Gershon HurwenThanks Sunil - excited to be co-leading the deal into Spently together with you guys. I think that Nick and Vin have an excellent team and I love that they add significant value to their customers (more than $100m in Revenue generated for their stores in the last number of months). The investment fits well with our thesis of investing into apps/companies that support the e-commerce ecosystem. Happy to answer any questions - pm me if interested or use the crowdmatrix portal to discuss with management.
15 hours ago · 8
Kyle CollierGreat companies can't wait for these deals to close!
Roy PereiraIt looks like the zoom.ai seed round is going to be over-subscribed but I wanted to mention why CrowdMatrix is handling a small part of our deal.
As most of you know, I am a huge proponent of the Canadian and especially Toronto tech scene and I want to pay it forward whenever I can.
I believe that what Rubsun and Leah are creating with Crowdmatrix is very important to our tech scene. It is a crowd funding platform for Canadian startups and I want to make sure that I give it all of the love that it needs to be successful so that we all benefit in the future from a stronger funding eco-system.
14 hours ago · 16
Leah CarrI‘m so excited to be working with two amazing teams and helping them raise money to grow their companies.
Nicholas & Vincent at Spently | Roy & Matt at Zoom.ai are superstars, with experienced industry veterans Extreme Venture Partners leading both deals and Vitality Capital co-leading for Spently.
Special thanks to StartupNorth, since sharing these awesome companies with the community we have been able to secure several new investments to help these companies grow.
If anyone is interested in learning more, please reach out to me at [email protected] (All deals are in Canadian dollars)
11 hours ago · 8
Kevin KlimanAwesome to see this. Both companies are building valuable services.
Some thoughts I wrote as I was thinking about my own strategy and on how the startup world is inherently gamified; and why the ideal strategy is for founders to use seed funding as an injection of growth capital; and then to sell. Do not pass GO, and do not collect that Series A funding and beyond - unless and until it is a breakthrough product which can and will grow very, very aggressively. Financially, for founders and seed investors a $50 million exit with seed funding as the only equity investment is equal to a $100 million exit with Series A funding...so why do it ? Why play the game and why not design a better path for your startup from the outset which serves your fundamental interest ? After all, as a founder, you are not hedged. ... See MoreSee Less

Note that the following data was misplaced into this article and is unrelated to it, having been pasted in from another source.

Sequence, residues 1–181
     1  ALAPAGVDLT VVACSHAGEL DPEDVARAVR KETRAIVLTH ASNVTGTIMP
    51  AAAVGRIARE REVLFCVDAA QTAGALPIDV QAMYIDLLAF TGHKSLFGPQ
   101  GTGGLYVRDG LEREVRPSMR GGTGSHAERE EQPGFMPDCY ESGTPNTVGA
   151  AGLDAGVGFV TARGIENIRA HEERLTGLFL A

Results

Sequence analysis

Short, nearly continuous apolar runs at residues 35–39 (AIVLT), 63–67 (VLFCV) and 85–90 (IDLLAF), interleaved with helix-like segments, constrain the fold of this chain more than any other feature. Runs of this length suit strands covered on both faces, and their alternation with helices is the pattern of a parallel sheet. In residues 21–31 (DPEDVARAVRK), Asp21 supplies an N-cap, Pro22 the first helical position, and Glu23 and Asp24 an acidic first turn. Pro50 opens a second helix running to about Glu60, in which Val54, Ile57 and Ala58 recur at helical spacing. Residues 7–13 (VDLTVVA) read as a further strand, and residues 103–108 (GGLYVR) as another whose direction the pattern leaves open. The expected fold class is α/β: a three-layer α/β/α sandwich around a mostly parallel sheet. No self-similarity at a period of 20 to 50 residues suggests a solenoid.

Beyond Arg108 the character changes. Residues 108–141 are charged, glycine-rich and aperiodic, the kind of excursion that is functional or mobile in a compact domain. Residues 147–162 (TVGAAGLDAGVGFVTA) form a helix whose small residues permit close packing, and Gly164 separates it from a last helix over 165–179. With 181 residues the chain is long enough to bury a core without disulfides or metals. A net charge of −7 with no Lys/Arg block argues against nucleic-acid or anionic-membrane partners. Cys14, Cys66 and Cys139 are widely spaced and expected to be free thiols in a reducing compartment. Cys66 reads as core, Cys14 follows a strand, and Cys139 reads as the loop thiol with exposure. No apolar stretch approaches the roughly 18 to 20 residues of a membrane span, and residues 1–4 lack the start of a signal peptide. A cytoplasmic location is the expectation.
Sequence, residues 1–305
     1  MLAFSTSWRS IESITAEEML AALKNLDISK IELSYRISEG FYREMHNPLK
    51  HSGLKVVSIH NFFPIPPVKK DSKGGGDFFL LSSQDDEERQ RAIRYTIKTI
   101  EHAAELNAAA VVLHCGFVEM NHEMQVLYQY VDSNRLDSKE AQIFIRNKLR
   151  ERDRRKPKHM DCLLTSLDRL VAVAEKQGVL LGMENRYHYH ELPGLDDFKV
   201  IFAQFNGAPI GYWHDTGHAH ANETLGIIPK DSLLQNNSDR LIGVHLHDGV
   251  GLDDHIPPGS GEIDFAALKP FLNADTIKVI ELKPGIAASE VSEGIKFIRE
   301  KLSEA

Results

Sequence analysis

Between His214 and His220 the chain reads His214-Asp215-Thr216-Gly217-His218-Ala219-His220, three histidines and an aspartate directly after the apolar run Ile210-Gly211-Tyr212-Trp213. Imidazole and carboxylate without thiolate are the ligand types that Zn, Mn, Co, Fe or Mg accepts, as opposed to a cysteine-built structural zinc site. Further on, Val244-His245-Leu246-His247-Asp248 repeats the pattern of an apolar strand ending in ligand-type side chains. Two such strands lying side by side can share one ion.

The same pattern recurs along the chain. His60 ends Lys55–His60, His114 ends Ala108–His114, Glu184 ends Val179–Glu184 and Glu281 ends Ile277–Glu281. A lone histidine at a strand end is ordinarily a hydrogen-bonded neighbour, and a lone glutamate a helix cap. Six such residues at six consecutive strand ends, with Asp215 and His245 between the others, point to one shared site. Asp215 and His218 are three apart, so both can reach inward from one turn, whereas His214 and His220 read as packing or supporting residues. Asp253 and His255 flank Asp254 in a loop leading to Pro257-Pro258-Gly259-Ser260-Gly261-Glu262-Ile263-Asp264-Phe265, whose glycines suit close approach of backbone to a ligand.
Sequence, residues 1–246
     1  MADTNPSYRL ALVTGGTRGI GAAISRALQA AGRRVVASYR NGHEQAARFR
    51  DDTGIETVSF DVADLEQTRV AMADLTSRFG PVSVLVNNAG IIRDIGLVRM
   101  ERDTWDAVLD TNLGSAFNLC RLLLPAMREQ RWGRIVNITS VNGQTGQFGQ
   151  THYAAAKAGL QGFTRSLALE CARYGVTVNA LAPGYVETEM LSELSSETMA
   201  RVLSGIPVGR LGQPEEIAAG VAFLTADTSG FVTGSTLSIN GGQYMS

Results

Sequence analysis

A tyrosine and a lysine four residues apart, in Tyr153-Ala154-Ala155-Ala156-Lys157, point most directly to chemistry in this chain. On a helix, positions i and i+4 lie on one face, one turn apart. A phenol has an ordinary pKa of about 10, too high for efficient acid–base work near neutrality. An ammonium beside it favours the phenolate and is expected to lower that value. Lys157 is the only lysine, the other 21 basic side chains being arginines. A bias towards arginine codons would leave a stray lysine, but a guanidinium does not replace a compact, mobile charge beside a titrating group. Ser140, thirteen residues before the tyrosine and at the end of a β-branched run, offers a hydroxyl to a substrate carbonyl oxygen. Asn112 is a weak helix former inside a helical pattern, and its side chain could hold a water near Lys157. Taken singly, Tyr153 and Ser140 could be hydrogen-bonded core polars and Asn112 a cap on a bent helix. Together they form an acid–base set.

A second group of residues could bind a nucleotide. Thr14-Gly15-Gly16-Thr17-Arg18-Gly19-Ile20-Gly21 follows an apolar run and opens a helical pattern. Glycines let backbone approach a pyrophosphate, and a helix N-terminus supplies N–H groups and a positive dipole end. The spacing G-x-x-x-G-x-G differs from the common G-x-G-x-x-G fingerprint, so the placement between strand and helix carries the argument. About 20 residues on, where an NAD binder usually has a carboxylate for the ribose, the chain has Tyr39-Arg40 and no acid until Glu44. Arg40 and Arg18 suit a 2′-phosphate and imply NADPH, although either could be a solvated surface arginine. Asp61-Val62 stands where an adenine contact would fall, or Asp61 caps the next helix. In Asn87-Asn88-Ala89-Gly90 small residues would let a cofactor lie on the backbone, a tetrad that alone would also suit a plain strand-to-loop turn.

Derek TingIt makes sense if what the founder(s) are trying to optimize for is the maximum expected monetary value of an exit. However, most people who raise the Series A, B, C, etc do it because it is the only way to see their vision become reality. If that vision is their passion, that is priceless and no exit can compensate for that (well maybe).
3 days ago · 1
Varun MathurHow would an AI agent, instead of a human founder, make such decisions ? 100 years from now — is it inconceivable that we would have smart agents able to conceptualize and start startups based on identifying gaps and opportunities in the world ? Since they would not be tied emotionally like humans are, such an agent would follow an optimum strategy as outlined in this original post.
Many people do this for reasons which have little to do with $$, but more to do with how we want to “feel" about ourselves’ now and in the future. Humans are inherently emotional beings, and for lack of a better word, gamified. Intangibles like sense of personal accomplishment (having a vision, making something people want, being loved and appreciated by customers and others in the startup community, getting awards/followers, raising multiple rounds of funding), and the social recognition which comes with that, along with the fear of missing out. Same principles which are used to design games - and what gets people addicted to them - are at play for many of us in the startup community. It is well and good - and what differentiates Wall Street ("I want to earn money") from Silicon Valley ("I want to change the world").